As the demand for insurance coverage for cyber-related losses continues to grow, more insurance companies are offering cyber insurance policies and endorsements, but the market is far from mature and the available policies far from complete. Insurers have not adopted a unified approach to cyber policies, nor do they offer identical coverages. Due to the variance between available cyber insurance policies and endorsements, policyholders should carefully weigh their cyber risks against proposed cyber coverage to understand the scope of coverage actually available to address company exposures. Insureds should closely examine policy wording, rather than relying on policy labels or marketing materials.
One of the first published cases interpreting a cyber policy illustrates this point. When hackers accessed 60,000 credit card numbers in P.F. Chang’s customer database, the restaurant chain’s cyber policy covered the costs of the forensic investigation into the cause of the data breach to prevent a recurrence, as well as the costs of defense against customer lawsuits arising from the breach, to the tune of some $1.7 million (P.F. Chang’s China Bistro, Inc. v. Fed. Ins. Co.). Most cyber policies include coverage for first-party losses as well as liability to third parties. Unfortunately, P.F. Chang’s cyber policy did not cover the nearly $2 million in expenses imposed by credit card issuers such as MasterCard to pay for such items as notifications to cardholders and reissuance of credit cards compromised by the breach. Many cyber policies offer coverage for these types of fines and penalties, albeit for an additional premium.
Those expenses, including fines and penalties, were passed through to P.F. Chang’s via its Master Services Agreement with the restaurant’s third-party credit card processor, Bank of America Merchant Services (BAMS). The agreements between servicers such as BAMS and credit card associations require the servicers to abide by Payment Card Industry Data Security Standards (PCI-DSS) and pay for losses arising from a data breach. These rules and obligations were incorporated into the contract between P.F. Chang’s and BAMS, requiring P.F. Chang’s to reimburse BAMS for any PCI-DSS assessments.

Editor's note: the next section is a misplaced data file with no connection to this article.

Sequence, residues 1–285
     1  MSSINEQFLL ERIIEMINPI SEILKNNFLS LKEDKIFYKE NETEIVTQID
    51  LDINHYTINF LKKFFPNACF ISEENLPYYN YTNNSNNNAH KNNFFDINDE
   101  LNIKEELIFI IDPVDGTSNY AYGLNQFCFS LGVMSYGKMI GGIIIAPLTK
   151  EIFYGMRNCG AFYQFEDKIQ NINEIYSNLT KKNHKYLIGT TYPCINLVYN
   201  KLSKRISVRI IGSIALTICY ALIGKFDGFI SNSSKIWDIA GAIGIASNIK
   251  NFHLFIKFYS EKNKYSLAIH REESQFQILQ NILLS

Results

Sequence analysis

P.F. Chang’s and other restaurants and retailers rely on these servicers to process credit-card transactions on a daily basis. Yet in no less than three places, P.F. Chang’s cyber policy excluded liability assumed under a contract such as the one with BAMS. The “reasonable expectations” doctrine in Arizona that favors policyholders could not save P.F. Chang’s from the court’s interpretation of the plain wording of the policy.
A contractual liability exclusion is a standard exclusion in most commercial general liability policies. However, the exclusion typically incorporates exceptions for “insured contracts.” CGL policies incorporate this exclusion because these policies are primarily intended to cover a third party’s tort claims against a policyholder, not a policyholder’s financial losses arising from a contract. CGL policies also typically exclude coverage for fines and penalties such as those imposed by credit card associations. The P.F. Chang’s decision highlights the need for contractual liability, fines and penalties coverage for policyholders who accept credit card payments.
On January 27, 2017, the Ninth Circuit granted a joint stipulation to dismiss P.F. Chang’s appeal of the district court’s decision after the parties reached a settlement. We do not know the details of this settlement, although this settlement preserved this insurer-friendly decision to the detriment of policyholders.
This watershed case is a cautionary tale. The wild world of cyber-related risks is difficult to pin down – ranging from the obvious but mundane, such as theft of a company laptop, to the worst case scenario of a system-wide hack that could cause a major disruption and loss of business and extensive liability. As P.F. Chang’s shows, it pays to assess your company’s risks and closely examine your policy to ensure you have the coverage you need.